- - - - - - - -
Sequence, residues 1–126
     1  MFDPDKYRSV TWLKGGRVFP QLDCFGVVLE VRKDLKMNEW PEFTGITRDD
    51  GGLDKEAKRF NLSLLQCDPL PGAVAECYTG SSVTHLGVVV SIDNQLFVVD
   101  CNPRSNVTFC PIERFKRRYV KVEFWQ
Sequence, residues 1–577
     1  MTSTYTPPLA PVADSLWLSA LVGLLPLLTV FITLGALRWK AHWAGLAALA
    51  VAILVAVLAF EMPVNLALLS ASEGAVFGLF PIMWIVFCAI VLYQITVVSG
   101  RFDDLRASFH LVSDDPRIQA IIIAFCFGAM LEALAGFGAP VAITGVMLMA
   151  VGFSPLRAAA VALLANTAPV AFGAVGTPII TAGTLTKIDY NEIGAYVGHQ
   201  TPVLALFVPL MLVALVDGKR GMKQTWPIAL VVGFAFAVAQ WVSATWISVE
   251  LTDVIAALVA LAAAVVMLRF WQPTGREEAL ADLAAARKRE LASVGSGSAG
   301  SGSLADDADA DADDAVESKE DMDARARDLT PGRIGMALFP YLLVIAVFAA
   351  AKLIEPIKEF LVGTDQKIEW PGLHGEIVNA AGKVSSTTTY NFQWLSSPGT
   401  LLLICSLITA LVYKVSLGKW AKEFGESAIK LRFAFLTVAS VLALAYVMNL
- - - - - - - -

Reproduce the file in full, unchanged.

Sequence, residues 1–126
     1  MFDPDKYRSV TWLKGGRVFP QLDCFGVVLE VRKDLKMNEW PEFTGITRDD
    51  GGLDKEAKRF NLSLLQCDPL PGAVAECYTG SSVTHLGVVV SIDNQLFVVD
   101  CNPRSNVTFC PIERFKRRYV KVEFWQ
Sequence, residues 1–577
     1  MTSTYTPPLA PVADSLWLSA LVGLLPLLTV FITLGALRWK AHWAGLAALA
    51  VAILVAVLAF EMPVNLALLS ASEGAVFGLF PIMWIVFCAI VLYQITVVSG
   101  RFDDLRASFH LVSDDPRIQA IIIAFCFGAM LEALAGFGAP VAITGVMLMA
   151  VGFSPLRAAA VALLANTAPV AFGAVGTPII TAGTLTKIDY NEIGAYVGHQ
   201  TPVLALFVPL MLVALVDGKR GMKQTWPIAL VVGFAFAVAQ WVSATWISVE
   251  LTDVIAALVA LAAAVVMLRF WQPTGREEAL ADLAAARKRE LASVGSGSAG
   301  SGSLADDADA DADDAVESKE DMDARARDLT PGRIGMALFP YLLVIAVFAA
   351  AKLIEPIKEF LVGTDQKIEW PGLHGEIVNA AGKVSSTTTY NFQWLSSPGT
   401  LLLICSLITA LVYKVSLGKW AKEFGESAIK LRFAFLTVAS VLALAYVMNL